- actually picking up the phone and recruiting candidates
- interviewing candidates in person for all levels in the organization
- investigating reported issues
- coaching and counseling
- understanding and applying HR related laws
- handling the compliance (I-9′s, Visas, etc.)
- developing talent through strategic and tactical approaches to training
Finance and Internal Communications
These are areas where many HR professionals are weak. From a finance and accounting standpoint at a bare minimum you must be able to understand general accounting principles and be able to read and interpret a balance sheet. If you cannot do that, you need to set that as a goal. How can you advise your CEO, CFO, and other company leaders if you cannot interpret the financial results of the company? Strong financial acumen will help you drive the business forward. Then, in terms of internal communication, you need to be able to effectively communicate the policies of the company in a way that aligns with the company strategies. For more detailed information on how to improve your skills in this area, check out the HR 101 series by Victorio at the Creative Chaos Consultant blog.
The HR professional of today and the future needs to have the spirit to innovate. It is critical to success. If you plan to sit back and just do the day-to-day role, you will not help move the company forward. Our world changes fast and innovative ideas will be the catalyst to propel your HR career. Challenge yourself each day or week to come up with an innovative way to handle something differently. Hold your feet to the fire to make sure you are accountable for keeping your department from getting stagnant.
Technology has made the world a much smaller place. More companies are global than ever before, so more HR professionals need to have an understanding of what is going on in global markets. Are you making yourself aware? Are you reaching out to gain understanding of other countries laws, financial systems, and culture? This is something you should focus on if you are not already. Today’s HR leaders are responsible for driving the success of people around the world.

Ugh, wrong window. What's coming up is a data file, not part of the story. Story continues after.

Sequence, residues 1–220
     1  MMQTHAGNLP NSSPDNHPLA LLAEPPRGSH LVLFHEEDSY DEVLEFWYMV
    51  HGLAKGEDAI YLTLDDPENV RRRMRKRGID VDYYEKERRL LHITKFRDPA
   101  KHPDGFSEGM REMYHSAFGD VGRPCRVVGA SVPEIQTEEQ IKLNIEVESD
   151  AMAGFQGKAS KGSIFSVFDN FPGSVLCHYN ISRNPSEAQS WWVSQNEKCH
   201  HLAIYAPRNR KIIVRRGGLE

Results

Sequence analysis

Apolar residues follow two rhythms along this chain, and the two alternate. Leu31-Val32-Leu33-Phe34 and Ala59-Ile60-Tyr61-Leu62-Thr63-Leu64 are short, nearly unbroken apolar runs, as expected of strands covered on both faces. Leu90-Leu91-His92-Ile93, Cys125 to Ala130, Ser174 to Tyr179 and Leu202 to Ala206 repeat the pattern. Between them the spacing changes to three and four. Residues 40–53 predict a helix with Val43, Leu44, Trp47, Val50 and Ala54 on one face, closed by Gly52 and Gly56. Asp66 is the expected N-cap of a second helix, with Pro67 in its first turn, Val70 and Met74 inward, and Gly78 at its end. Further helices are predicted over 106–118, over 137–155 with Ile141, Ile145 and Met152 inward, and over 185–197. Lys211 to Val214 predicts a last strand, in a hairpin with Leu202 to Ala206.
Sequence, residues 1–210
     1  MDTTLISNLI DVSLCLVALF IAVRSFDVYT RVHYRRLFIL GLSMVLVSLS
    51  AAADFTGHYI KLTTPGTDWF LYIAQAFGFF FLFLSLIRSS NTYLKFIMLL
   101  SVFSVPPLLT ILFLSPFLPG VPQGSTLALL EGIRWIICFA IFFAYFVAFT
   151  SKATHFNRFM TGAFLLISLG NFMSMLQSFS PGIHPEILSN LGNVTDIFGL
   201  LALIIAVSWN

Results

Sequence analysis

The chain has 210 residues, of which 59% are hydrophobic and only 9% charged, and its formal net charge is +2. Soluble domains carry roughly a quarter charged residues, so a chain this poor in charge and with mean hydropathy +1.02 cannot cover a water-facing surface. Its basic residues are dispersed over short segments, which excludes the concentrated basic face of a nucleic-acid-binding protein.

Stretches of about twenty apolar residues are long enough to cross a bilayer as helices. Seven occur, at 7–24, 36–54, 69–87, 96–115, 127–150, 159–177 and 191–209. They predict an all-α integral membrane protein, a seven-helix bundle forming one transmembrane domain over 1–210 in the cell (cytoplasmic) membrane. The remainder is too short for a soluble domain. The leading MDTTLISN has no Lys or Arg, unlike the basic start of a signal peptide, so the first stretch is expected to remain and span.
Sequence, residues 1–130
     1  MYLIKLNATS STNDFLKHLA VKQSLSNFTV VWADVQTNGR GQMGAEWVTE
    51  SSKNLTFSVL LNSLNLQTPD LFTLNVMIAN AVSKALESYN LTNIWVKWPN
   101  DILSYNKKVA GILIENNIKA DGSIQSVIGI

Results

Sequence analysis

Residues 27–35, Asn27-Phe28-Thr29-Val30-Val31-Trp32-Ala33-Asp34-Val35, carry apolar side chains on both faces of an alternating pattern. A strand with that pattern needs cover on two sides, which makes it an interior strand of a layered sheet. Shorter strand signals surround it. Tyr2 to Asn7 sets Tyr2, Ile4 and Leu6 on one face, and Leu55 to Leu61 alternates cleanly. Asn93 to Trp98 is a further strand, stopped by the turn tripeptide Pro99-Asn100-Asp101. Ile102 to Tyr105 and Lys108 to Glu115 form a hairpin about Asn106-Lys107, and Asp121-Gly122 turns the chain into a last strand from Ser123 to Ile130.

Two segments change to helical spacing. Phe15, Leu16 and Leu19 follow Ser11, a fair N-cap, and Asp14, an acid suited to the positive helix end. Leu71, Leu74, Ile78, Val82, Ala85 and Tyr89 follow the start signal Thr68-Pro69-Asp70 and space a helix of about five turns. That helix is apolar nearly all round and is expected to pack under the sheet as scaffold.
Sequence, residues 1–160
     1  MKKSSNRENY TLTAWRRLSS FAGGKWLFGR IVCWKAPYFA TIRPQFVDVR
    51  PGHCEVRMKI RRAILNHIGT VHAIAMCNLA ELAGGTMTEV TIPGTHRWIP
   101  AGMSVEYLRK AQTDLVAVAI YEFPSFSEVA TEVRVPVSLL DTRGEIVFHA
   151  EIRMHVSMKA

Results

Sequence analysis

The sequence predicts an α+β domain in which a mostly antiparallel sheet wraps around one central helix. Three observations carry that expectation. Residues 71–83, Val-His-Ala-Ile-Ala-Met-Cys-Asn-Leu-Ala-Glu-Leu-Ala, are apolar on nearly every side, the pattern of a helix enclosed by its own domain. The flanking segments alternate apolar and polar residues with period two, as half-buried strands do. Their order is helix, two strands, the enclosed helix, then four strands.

To the average HR generalist or specialist, HR technology is the “big bad wolf” of the story. It’s the one thing we’re all afraid of. In order to really be successful at running an effective human resources department, you need to have a solid understanding of your current HR technologies as well as staying abreast of emerging technologies. You will need to understand how to evaluate your systems effectiveness as well as be able to identify technologies that will support the data needed to make strong business decisions for the company. A good place to start is by reading and following blogs by Naomi Bloom, Steve Boese, Michael Krupa, and Bryon Abramowitz. You should also follow the writings of Bill Kutik at Human Resource Executive Online.
So, how do you measure up? What other skills do you believe are critical to being a successful HR professional in the future? Let me know in the comments.